Even in Manhattan, Tribeca is about the only one of these cutesy, marketing, neighborhood name contractions that really gets used. Others are mostly laughed at the way people are laughing at FIDI here.

  11. Can’t really argue with the above…all of the vowel ending shorthand names are certainly cringe-worthy (which includes the now fairly well established SoMa).
    How about this? “Where do you live? In a condo in the the Millennium Tower building. Oh really? Where is that? It’s in that area near the Ferry Building known as ‘FeBu.'”
    Someone just come up with a stock ticker symbol and we’ll go with that.

  12. SOMA has been dividing into more defined neighborhood for several years now.
    I suspect it’s on the border of the Financial District and Rincon Hill per this map (which is in-line with planning dept:)
    However, when Transbay actually becomes a neighborhood (10 years?), perhaps that will spin off from Rincon Hill, and the Millennium would adopt that or perhaps SOFIDI becomes the lingo.

  13. “Even in Manhattan, Tribeca is about the only one of these cutesy, marketing, neighborhood name contractions that really gets used. Others are mostly laughed at the way people are laughing at FIDI here.”
    Actually, some of my friends use DUMBO (that’s where they go for steak).

  14. “However, when Transbay actually becomes a neighborhood”
    -when and WHY should the transbay EVER become a “neighborhood”!!!??? It’s a f**king BUILDING, people! That doesn’t create a neighborhood, it means that there is just another building in SF. Are we in SF so shocked and awed by every new development that we need to throw a block-party?
    -Come to think of it, maybe we should be awed. Maybe we should all fill the streets around the Millennium or Transbay Term and stare at the incredibly ugly mess we built and then bow at the feet of those people dumb enough to spend the exorbitant prices to live there. It could be a big “dumb-parade” celebrating how well the RE/mortgage sector screwed us all.

  15. SoMa. South of Market. NOT FiDi. Possibly “downtown”, but downtown includes Union Square + FiDi + some parts of SoMA (aka mission street, depending on the cross street.)
    end of discussion.
    –a resident of SoMa (and yes, we do use that expression, it’s easier)

  16. “a resident of SoMa (and yes, we do use that expression, it’s easier)”
    Melinda also probably says she lives in Frisco.

  17. “-when and WHY should the transbay EVER become a “neighborhood”!!!??? ”
    I agree with RG on this. Why do some people try so hard to convince others that where they are buying is really going to be a “neighborhood”? You might call it a district, but if you are choosing SOMA , Transbay or Rincon Hill, you are not choosing a neighborhood lifestyle. Noe Valley, Cow Hollow, even the hated (jealous?) Marina are real neighborhoods that don’t need a 60 story glass building with windows that won’t open beyond 6″ to proclaim their identity.

  18. As for New York, they’ve gone acronym crazy too. I REFUSE to use the term DUMBO. Does anyone know what that actually stands for?!? “Down Under the Manhattan Bridge Overpass(es)” Ridiculous, I tell you!!!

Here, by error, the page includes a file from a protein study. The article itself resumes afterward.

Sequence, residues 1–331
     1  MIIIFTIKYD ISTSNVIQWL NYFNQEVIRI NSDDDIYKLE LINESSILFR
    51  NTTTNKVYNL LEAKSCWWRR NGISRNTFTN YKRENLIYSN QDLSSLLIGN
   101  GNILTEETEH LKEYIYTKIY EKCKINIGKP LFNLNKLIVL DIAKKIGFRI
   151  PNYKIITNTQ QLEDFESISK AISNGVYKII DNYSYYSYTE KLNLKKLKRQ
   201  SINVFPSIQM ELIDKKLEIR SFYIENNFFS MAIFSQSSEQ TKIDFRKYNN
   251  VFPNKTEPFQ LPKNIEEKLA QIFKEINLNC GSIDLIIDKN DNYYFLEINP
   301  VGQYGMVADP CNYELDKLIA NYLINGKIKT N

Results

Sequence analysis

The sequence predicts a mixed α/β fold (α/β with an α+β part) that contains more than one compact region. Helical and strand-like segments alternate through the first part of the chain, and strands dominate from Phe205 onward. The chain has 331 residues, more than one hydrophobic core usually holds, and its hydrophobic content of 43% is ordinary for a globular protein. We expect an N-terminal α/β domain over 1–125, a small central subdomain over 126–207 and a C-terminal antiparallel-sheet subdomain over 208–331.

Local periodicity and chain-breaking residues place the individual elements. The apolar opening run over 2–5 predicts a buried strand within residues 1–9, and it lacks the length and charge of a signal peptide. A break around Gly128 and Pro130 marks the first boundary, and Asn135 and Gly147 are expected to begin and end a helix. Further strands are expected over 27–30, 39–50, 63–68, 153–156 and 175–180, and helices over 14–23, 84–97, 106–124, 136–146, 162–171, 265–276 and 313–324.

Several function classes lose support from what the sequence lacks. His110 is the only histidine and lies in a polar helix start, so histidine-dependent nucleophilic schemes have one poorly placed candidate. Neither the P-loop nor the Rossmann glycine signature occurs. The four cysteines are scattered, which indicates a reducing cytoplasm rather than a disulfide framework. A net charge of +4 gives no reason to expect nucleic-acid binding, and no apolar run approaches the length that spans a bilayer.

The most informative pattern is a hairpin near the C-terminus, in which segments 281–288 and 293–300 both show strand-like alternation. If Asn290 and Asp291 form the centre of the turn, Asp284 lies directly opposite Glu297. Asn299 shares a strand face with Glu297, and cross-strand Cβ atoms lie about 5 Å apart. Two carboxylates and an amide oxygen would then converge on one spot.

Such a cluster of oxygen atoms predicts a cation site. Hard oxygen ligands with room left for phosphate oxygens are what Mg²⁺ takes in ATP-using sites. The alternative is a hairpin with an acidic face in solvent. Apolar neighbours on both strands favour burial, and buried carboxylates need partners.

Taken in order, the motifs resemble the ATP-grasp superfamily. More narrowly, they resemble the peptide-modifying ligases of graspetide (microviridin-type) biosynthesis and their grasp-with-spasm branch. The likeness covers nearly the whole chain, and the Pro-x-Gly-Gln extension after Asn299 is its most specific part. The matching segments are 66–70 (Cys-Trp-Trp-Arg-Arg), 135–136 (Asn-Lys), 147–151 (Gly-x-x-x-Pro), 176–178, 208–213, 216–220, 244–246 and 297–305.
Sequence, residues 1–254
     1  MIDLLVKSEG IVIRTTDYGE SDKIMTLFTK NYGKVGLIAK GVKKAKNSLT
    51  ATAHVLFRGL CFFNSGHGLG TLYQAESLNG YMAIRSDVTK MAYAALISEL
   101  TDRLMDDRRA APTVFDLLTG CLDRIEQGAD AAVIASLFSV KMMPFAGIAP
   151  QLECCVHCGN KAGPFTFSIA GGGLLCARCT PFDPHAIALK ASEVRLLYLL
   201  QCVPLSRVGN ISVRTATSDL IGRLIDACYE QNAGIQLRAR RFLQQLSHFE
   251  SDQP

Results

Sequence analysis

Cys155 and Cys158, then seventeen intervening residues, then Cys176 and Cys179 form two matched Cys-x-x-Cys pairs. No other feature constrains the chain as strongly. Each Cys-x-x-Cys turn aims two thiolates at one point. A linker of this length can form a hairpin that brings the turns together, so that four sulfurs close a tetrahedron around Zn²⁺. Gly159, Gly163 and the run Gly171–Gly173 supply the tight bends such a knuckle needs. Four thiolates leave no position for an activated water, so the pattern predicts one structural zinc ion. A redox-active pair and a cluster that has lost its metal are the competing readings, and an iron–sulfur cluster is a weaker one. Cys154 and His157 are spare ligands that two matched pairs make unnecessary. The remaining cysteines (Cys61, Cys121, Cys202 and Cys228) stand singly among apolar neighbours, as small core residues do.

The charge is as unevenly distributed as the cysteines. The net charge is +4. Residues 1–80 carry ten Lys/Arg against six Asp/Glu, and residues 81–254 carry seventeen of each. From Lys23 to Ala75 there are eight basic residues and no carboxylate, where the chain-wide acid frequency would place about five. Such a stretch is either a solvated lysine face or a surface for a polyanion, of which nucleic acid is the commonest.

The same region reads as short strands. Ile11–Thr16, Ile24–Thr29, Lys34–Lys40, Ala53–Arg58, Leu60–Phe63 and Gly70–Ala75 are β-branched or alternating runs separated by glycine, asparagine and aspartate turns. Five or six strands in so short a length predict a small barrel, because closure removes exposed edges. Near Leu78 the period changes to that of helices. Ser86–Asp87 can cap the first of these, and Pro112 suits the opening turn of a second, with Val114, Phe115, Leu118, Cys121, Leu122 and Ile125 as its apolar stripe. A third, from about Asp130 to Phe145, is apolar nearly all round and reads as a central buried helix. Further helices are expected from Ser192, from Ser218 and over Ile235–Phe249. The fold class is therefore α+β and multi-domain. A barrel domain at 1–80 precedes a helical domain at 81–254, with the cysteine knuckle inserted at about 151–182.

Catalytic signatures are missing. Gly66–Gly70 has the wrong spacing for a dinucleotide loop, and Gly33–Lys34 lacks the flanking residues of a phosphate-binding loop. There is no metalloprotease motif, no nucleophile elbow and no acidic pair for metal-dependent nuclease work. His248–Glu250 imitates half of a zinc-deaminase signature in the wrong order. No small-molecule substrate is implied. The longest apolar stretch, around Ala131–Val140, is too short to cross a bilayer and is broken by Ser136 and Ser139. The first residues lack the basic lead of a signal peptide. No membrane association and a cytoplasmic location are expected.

Imagine if we did that in San Francisco for Rincon Hill/ Transbay Terminal Area. “Slightly North of the Bay Bridge Approach” – SNOBBA! Perfect!

  19. Of course it’s “SoMa” in both name and pronunciation. It’s a useful contraction, whereas “NOPA” is a euphemism intended to create a neighborhood where there is none. Though I do like the idea of naming a chunk of the city after a restaurant.
    And it has nothing to do with NYC. Though New Yorkers ALL use “Tribeca”, “Nolita”, “SOHO”, “NOHO, “DUMBO” and some even use “MePa”.
    I do notice that [many in the Marina] are fond of referring to San Francisco as “The City”. Which is laughable. I much prefer Frisco.

  20. I write SOMA or SoMa (SOMA is easier to type), but I say “South of Market.”
    And I sometimes use “the City” or “the city” to refer to SF– this is an old usage, from when SF was the city, and the Peninsula and San Jose were fruit orchards.

  21. My favorite is when I was at a party in Los Angeles with a fellow S.F. business associate and she introduced herself to our Hombly Hills host as being from “the city”. He responded, “New York”? When she responded with provincial pride “Why San Francisco, of course!”, he was quite perplexed.

  22. Geez, I got to New York for a long weekend, and people are trying to rename parts of RINCON HILL on me. 🙂
    I consider Rincon Hill to be bound by 2nd (though it was originally out to 3rd, but Al Gore living at St. Regis deserves his own hood), Mission, The Embarcadero, and Bryant Streets. That’s what I posted as the bounds on my blog back in February, and I’m sticking with it.
    SPUR has some interesting background on Rincon Hill:
    Residents of Millennium should join me and others in the Rincon Hill crew….. DiFi, FiDi, whatever… that doesn’t sound residential…. and I can’t believe SoMa extends this far east in peoples’ minds. Its Rincon Hill… we have our own zip code for crying out loud… 94105.

  23. Jamie: you said “and I can’t believe SoMa extends this far east in peoples’ minds”
    SoMa means: South of Market. Anything South of Market is technically “SOMA.” It’s in the name!

  24. Castro is technically south of market, but, um, yeah….
    My point is that the area around Rincon Hill was known as Rincon Hill starting in the 1850s when the wealthiest of folks set up shop there … 1906 burnt it all down and the Bay Bridge killed off any glimmer of it becoming a residential area again for decades thanks to its proximity to the water front and the desires of corporations to buy big parcels of land for building warehouses.
    At any rate …. future residents who live in developments that sprout from the new Transbay Transit Center can tout they live in Rincon Hill as far as I’m concerned.